Despite its name, CML can progress rapidly, but it generally has three phases:
• A chronic phase (less than 5 percent blasts in the peripheral blood or bone marrow), which generally lasts 3 to 5 years.
• An accelerated phase (greater than 5 percent but less than 30 percent blasts in the peripheral blood or bone marrow). This phase can begin gradually or abruptly. Symptoms include fever, night sweats, weight loss, and increase in white blood cell counts.
• A blastic phase (greater than 30 percent blasts in the peripheral blood or bone marrow). Symptoms of blastic phase (also called blast crisis) include fever, fatigue, and enlarged spleen.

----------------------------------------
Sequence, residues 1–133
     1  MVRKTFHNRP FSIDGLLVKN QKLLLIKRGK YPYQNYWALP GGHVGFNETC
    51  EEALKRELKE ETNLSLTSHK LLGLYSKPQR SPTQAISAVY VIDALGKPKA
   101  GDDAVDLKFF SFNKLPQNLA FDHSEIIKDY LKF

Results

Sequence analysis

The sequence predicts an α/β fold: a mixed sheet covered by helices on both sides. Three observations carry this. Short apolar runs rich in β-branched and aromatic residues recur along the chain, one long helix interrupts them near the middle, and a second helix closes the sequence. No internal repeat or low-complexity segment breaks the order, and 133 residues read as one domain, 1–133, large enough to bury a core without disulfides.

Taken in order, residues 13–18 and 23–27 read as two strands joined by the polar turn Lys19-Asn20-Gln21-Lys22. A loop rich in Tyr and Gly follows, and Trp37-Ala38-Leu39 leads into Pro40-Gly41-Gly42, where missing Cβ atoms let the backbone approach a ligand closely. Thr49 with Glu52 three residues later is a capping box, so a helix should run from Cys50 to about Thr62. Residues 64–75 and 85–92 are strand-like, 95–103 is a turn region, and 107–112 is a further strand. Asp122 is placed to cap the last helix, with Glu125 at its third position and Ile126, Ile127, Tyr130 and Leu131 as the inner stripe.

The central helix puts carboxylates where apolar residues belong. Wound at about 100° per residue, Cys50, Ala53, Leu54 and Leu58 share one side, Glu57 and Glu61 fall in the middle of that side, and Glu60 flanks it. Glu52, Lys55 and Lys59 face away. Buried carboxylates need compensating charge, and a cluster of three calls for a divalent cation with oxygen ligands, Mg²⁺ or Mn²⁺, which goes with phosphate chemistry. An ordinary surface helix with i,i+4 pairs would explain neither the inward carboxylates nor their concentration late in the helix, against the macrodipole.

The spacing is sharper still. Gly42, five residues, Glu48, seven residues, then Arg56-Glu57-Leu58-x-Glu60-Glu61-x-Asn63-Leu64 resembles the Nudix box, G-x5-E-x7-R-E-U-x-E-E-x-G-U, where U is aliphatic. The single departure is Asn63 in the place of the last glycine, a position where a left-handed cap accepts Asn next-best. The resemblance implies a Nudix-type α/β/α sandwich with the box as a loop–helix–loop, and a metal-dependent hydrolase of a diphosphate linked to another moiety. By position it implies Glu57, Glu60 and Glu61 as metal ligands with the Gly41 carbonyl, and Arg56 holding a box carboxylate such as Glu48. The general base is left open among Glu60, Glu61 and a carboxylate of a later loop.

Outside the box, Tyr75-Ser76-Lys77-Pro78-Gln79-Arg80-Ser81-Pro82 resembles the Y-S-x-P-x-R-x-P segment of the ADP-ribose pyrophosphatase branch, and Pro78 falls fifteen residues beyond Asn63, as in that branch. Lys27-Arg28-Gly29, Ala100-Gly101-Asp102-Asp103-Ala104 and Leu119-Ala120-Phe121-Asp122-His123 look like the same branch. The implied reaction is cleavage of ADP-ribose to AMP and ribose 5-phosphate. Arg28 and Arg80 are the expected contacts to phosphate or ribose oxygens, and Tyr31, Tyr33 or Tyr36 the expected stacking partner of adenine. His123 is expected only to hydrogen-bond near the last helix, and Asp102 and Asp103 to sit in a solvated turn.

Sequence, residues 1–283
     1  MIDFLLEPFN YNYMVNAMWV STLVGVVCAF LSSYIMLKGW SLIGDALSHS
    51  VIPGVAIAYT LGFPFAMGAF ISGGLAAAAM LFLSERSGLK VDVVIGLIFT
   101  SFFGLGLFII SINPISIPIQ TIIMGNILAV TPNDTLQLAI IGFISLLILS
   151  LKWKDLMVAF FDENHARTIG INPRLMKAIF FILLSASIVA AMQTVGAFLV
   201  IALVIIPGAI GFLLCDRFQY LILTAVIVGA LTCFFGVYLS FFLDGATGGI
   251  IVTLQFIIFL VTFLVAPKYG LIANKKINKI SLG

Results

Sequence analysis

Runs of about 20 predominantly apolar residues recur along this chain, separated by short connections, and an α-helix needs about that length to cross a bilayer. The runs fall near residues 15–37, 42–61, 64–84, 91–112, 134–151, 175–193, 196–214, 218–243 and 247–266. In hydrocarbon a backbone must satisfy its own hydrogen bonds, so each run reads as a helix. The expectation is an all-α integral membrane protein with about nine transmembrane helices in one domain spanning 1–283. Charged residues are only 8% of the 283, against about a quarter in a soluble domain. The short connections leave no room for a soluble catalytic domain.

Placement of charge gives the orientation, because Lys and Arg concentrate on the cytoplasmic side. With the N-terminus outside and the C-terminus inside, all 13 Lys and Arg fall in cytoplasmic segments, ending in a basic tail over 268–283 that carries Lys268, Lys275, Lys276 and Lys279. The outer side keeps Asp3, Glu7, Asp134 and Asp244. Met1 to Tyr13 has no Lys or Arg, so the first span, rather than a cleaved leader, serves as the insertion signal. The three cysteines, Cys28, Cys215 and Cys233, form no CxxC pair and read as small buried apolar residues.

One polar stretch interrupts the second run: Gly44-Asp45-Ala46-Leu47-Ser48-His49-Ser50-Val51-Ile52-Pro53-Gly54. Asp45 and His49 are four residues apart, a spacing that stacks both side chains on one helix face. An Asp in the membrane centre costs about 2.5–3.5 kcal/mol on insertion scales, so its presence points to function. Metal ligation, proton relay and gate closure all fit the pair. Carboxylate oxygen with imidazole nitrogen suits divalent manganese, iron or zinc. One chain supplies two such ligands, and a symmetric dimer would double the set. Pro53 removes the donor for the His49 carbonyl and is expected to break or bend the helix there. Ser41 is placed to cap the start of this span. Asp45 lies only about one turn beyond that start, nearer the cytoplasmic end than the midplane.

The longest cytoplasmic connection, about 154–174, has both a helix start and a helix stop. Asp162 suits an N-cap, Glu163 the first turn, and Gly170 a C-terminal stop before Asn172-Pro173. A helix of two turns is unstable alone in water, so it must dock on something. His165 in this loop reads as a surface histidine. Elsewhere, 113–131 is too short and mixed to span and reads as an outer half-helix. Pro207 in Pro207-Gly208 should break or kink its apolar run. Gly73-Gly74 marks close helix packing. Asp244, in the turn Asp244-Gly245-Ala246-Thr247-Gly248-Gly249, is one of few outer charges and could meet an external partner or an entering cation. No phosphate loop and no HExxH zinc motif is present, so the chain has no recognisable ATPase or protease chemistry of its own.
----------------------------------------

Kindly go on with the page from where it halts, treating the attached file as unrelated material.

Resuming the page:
Leah, 11 years old, enjoyed participating in basketball, soccer, and gymnastics. She developed severe hip joint pain, and we brought her back to the doctor three times in an unsuccessful attempt to find out what was wrong. The last time, my husband had to carry her in because she couldn't walk. They did blood work, and her white count was 176,000 and her platelets were one million. A bone marrow test confirmed that she had CML.
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